4th March 2023
CAPTAIN SAWYERS FLIES TO FINAL AS SEVEN MORE BRITS PROGRESS IN ISTANBUL
Team captain Jazmin Sawyers (coach: Aston Moore; club City of Stoke) put down a performance in qualifying for the women’s long jump at the European Indoor Championships to exemplify her leadership qualities as every single Brit in action made progress in Istanbul.
Sawyers, given the honour of captaining the team shortly after arriving in Turkey, needed just the one jump to advance to the final of the women’s long jump, leaping out to 6.71m – that arguably the most impressive performance of the seven Bris in action.
Reece Prescod (Marco Airale; Enfield & Haringey) led a clean sweep of qualifiers in the men’s 60m heats after clocking 6.60 with Eugene Amo-Dadzie (Steve Fudge; Woodford Green Essex Ladies) through after crossing the line in his heat in 6.69 and Jeremiah Azu (Airale; Cardiff) also advancing with a run of 6.66.
Jack Rowe (Tim Eglen; Aldershot Farnham and District) avoided the drama to advance to the men’s 3000m final where he’ll be joined by James West (Helen Clitheroe; Tonbridge) after his own strong effort in qualifying.
British champion David King (Tim O’Neil; City of Plymouth) also navigated qualifying successfully in the men’s 60m hurdles heats as the team maintained its overall extremely healthy record in the minor rounds at these championships, and which produced three medals the night before.
Sawyers has been the picture of consistency this season, winning the UK title, not finishing a competition with a mark lower than 6.50m and now three over 6.70m as she registered 6.71m with her very first attempt in Istanbul.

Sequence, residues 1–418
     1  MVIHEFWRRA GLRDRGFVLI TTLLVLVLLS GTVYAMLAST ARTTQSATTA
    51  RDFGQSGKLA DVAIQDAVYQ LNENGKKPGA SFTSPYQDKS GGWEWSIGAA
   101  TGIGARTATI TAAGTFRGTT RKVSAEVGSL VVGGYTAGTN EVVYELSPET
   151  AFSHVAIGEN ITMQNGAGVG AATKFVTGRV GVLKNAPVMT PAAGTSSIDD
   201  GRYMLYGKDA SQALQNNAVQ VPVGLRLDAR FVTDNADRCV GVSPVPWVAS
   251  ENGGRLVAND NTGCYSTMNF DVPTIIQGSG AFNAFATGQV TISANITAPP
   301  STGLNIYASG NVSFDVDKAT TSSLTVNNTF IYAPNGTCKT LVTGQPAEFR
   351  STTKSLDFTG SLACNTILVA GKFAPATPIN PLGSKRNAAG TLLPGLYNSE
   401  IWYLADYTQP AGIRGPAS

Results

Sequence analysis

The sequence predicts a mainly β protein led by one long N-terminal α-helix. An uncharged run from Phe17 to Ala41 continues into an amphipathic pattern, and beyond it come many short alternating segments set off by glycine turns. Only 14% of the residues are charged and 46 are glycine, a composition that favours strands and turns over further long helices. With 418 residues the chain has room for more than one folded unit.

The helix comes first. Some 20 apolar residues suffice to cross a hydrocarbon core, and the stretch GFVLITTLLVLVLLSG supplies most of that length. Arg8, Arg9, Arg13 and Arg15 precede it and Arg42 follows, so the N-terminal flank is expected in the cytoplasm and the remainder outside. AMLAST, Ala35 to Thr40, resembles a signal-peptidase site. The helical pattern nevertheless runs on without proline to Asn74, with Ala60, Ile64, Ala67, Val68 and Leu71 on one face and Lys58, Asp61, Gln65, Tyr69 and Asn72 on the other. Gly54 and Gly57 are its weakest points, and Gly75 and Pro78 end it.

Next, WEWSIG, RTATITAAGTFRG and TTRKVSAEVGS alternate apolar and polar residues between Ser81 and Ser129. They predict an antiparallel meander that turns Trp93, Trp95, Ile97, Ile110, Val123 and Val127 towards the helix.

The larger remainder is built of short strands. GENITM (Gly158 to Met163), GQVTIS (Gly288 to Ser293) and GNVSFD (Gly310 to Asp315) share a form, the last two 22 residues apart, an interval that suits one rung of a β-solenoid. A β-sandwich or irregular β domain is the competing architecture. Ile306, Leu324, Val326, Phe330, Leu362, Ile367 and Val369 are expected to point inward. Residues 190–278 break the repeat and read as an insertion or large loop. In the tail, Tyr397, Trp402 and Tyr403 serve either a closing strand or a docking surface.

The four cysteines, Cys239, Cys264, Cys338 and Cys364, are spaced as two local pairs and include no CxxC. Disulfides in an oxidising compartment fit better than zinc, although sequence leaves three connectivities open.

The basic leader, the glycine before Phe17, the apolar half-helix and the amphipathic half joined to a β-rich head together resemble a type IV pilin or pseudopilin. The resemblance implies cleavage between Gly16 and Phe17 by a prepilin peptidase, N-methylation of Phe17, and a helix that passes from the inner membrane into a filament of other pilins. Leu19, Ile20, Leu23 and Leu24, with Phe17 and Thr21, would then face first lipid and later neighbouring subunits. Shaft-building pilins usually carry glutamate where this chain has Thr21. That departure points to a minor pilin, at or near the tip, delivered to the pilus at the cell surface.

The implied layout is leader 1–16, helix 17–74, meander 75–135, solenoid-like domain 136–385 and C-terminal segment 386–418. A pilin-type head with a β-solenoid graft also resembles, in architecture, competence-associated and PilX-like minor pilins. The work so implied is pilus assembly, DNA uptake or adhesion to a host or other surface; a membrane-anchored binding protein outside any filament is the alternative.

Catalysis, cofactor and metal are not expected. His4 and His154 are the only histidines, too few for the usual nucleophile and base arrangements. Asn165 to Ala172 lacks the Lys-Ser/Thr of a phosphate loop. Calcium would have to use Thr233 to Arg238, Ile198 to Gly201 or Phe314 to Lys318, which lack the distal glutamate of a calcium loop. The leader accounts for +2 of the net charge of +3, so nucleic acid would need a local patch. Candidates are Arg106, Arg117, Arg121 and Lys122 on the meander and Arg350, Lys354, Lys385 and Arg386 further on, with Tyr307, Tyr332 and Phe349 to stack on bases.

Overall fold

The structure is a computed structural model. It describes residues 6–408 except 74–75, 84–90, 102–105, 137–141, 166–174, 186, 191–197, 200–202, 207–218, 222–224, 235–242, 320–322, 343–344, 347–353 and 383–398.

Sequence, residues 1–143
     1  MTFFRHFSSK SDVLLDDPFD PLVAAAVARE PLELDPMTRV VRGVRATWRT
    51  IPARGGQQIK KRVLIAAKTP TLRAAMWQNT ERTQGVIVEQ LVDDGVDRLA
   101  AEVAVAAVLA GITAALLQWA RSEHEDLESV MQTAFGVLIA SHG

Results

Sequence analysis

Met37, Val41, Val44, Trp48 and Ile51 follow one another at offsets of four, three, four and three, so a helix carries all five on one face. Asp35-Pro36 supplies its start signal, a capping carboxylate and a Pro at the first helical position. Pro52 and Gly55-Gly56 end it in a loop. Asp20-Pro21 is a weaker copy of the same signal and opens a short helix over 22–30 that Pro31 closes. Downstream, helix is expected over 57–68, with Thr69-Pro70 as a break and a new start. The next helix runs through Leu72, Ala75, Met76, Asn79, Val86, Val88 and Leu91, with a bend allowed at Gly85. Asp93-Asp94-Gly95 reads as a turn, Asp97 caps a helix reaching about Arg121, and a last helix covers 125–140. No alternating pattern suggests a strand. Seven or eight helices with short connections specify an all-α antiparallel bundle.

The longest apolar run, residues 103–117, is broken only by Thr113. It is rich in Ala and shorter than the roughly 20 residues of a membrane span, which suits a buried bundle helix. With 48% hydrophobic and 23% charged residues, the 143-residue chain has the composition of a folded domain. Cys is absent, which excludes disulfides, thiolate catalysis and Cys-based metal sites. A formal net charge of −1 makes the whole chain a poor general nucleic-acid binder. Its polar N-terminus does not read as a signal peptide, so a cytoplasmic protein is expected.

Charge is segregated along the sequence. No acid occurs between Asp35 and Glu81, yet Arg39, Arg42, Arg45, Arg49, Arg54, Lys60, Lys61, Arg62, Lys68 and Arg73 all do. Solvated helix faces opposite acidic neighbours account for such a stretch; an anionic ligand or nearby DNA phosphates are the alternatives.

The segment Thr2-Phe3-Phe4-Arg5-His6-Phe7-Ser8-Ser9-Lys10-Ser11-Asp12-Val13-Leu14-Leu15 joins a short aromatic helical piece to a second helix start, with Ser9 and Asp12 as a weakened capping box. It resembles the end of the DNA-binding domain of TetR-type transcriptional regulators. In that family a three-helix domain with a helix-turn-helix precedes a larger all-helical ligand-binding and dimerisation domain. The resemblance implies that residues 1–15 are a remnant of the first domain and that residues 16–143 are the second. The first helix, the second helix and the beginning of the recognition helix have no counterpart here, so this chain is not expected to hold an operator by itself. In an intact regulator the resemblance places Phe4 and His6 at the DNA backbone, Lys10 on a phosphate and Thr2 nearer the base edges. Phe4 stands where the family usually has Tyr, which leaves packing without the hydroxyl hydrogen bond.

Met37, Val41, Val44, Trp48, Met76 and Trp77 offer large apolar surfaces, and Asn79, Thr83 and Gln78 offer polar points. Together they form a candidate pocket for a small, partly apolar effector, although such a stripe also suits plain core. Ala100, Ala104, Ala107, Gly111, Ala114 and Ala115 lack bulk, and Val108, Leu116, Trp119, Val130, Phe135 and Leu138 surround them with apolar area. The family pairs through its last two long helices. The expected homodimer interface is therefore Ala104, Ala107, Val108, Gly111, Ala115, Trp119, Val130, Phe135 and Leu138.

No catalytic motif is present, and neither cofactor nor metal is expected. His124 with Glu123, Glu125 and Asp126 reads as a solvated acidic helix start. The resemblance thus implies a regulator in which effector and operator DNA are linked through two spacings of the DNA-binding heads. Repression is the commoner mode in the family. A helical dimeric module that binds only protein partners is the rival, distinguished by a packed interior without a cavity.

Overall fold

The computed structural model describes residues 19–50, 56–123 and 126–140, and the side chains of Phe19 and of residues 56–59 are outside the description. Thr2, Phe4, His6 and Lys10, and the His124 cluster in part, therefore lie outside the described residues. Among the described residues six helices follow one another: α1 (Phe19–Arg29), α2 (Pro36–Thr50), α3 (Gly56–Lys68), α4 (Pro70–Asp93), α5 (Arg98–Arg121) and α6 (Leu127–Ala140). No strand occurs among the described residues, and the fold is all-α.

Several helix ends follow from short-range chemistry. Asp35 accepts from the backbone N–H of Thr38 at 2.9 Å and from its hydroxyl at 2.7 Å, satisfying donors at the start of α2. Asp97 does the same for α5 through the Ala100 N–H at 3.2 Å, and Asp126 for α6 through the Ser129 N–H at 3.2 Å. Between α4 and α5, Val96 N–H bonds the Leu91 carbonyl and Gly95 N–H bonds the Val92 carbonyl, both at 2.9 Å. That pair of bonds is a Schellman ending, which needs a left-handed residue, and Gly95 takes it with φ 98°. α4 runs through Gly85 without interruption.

“I don’t normally get qualification done in one jump, so it feels quite nice, said Sawyers, who would rank fourth overall. “I should do that more often. I know I am in good shape, so I’m not too surprised and it felt very controlled. I thought I might sway over the 6.75m mark, but if I can open like that in round one, it is encouraging ahead of the final.
“It has been really exciting to be the team captain. There is pressure, but in a good way. It feels like I have a bit of a responsibility to do well, and to lead the team in a positive way. You watch the action from a different angle because I am captain of this team and I want everyone to do their best. It [the three medals] really inspired me, so I was feeling really positive and wanted to follow on from their success.”
After a bronze and two silvers the night before, Prescod was the first Brit back out on the track and was the quickest of the trio scorching to a 6.60 clocking to progress to the semi-finals as the third fastest overall.
Prescod said: “It’s a very early start, I was up at 6am this morning, but so far so good. It had a great warm up, the track is really quick and I executed my race really well. Now it’s about preparing for the rest of the day and recovering well. I’ll just go back to the hotel and chill and rest now. I’ll come back later to repeat the same thing again.
“Train hard, work hard for six days a week. Marco (Airale) is very technical and he’s very strict with everything. He’s stripped me apart and we are trying some new things. So far we are doing good but there are so many more things for us to achieve. It’s all about taking it step by step.”
Amo-Dadzie was the next up and, on his European Indoor Championships debut, he took a fast third heat in his stride – underway after a false start to Switzerland’s Enrico Guntert – registering a time of 6.69 to advance as an automatic qualifier in Turkey.
“Big Q into the semi-finals so I am really really pleased with that,” said Amo-Dadzie. “It is my first time competing in this lovely GB suit, so I am really buzzing for that. At championships, and when you are on the international stage, you don’t know what can happen.
“There was a false start on the first one and I felt like I got out well then, and then the second one I got left in the blocks a little bit but thank god I didn’t panic and I just told myself to execute, execute, execute. I’ll reset now and be ready to go again in the semis.”